After some investigation, I decided to try and solve the focussing problem, identified in the previous section, by acquiring and installing a Feather Touch 10:1 focuser for the CPC 1100. This focuser has dual speeds, a 1:1 ratio focusing knob, black in the image, and a brass colored 10:1 ratio knob.
Recall from the previous section that our challenge is to focus a system with a depth of focus of 10.5 microns in ideal conditions and 21 microns in the best likely conditions. At a 1:1 ratio the entire depth of focus is traversed in 1/78 and 1/38 of a turn of the focus knob respectively. With a 10:1 ratio these tolerances increase to 1/8 and 1/4 of a turn respectively. While these are still tight tolerances, I believe focus will be obtainable.
In the next section I’ll quickly walk through the installation of this focuser. It was fairly straightforward and required few tools.
In this section we’ll walk through the installation of the Feather Touch 10:1 focuser for the Celestron CPC 1100 GPS telescope. There were three items in the box: the focuser, a stop and a small washer. The installation requires the reuse of four screws associated with the standard Celestron focuser. You’ll need a 1/2 inch open end wrench and a medium sized Phillips-head screwdriver.
The first task is to position the CPC 1100 in a horizontal position, altitude of 0°, so the primary mirror does not move during installation. Then we turn to removing the standard focuser. After pulling the rubber knob straight off and removing the three visible screws holding the focuser to the rear of the telescope, we have something that looks like the image to the right. Hang on to the three screws as they will be used to install the new focusing mechanism.
You must now rotate the brass focussing assembly clockwise until you see the head of the Phillips-head screw hidden inside. It takes quite a few turns to move the mirror back and the screw head never emerges from the hole, but does become easily accessible. When you’ve removed the screw, remove the small washer and replace it with the new washer that came with the Feather Touch focuser. Retain this screw as it will be reinstalled shortly.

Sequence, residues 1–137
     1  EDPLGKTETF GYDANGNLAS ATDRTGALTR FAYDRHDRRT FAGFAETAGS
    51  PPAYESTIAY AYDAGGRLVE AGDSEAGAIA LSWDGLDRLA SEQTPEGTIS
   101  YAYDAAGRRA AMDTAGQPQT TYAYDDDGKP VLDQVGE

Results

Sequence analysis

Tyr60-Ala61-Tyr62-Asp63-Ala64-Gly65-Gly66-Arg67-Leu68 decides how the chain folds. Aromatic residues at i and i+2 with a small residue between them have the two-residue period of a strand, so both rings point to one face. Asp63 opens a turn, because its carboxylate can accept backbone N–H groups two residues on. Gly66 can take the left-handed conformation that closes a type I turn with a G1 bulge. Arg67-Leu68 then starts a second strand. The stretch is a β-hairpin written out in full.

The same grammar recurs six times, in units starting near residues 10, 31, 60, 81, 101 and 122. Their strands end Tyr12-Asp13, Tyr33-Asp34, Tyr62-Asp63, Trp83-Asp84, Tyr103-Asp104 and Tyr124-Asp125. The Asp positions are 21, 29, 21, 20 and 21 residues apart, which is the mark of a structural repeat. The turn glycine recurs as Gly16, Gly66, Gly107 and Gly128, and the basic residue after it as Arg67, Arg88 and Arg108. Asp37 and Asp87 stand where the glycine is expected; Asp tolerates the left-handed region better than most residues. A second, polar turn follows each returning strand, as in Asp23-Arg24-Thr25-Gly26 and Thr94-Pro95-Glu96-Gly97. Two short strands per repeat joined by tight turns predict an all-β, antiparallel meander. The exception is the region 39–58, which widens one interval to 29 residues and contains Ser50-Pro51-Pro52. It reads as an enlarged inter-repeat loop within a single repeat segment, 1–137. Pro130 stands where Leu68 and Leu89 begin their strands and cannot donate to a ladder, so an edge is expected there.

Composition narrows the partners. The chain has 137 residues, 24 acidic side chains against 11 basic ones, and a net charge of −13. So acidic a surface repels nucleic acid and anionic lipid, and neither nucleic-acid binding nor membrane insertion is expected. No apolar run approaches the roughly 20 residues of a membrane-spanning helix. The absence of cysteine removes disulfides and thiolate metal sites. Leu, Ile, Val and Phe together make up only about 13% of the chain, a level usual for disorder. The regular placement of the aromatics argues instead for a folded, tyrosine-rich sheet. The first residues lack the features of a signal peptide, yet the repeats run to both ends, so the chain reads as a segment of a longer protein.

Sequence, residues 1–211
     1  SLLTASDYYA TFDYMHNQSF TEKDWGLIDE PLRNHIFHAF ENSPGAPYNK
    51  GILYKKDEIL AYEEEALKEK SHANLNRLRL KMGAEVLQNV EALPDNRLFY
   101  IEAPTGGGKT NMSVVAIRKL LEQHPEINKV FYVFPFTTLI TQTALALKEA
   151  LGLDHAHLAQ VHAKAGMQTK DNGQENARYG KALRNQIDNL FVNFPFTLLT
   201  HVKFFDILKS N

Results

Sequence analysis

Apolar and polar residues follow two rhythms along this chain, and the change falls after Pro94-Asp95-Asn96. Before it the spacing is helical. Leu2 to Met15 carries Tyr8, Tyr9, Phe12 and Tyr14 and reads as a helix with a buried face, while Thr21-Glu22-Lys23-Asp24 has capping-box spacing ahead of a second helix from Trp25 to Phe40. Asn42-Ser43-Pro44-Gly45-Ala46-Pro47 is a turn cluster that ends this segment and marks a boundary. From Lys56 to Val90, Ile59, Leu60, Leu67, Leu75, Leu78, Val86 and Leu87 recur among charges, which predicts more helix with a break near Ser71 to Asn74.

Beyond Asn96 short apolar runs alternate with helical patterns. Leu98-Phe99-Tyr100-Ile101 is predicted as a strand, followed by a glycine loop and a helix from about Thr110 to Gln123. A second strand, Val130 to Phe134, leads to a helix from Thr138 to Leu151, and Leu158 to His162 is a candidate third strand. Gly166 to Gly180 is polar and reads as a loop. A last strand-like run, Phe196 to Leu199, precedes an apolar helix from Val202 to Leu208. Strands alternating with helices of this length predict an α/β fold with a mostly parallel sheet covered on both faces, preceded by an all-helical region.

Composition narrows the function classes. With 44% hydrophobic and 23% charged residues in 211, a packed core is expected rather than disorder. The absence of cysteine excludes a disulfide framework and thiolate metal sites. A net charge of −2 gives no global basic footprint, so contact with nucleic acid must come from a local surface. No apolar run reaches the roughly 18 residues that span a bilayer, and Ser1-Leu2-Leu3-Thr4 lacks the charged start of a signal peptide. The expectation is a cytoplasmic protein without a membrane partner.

Now the brass assembly needs to be removed. Rotate it in a counterclockwise direction until it is detached. It takes quite a few turns to free it. When it is removed, take the stop off of the new focuser and thread it onto the threaded shaft far enough that a few threads of the shaft are exposed. At this point it looks something like the image to the right.
Now reinstall the screw, with its new washer, into the end of the threaded rod. Screw the Feather Touch focuser onto the exposed threads of the rod until it reaches the stop. Hold the stop with a 1/2 inch open end wrench and tighten the focuser against the stop. You can grasp the focuser easily by the 1:1 ratio focus knob. This must be tight!
Now rotate the focuser down the rod until its mounting plate is flush against the back of the telescope. It may be necessary to push the mirror slightly forward to get the Feather Touch to seat properly. Reinstall the three screws retained earlier, and you’re done. The finished product is illustrated to the right.
Now you are ready to focus normally with the black knob and with precision with the 10:1 ratio brass knob.
In this document we presented the depth of focus for various f-numbers and determined that focusing fast optical systems is problematic. Finally we presented a solution and described its installation.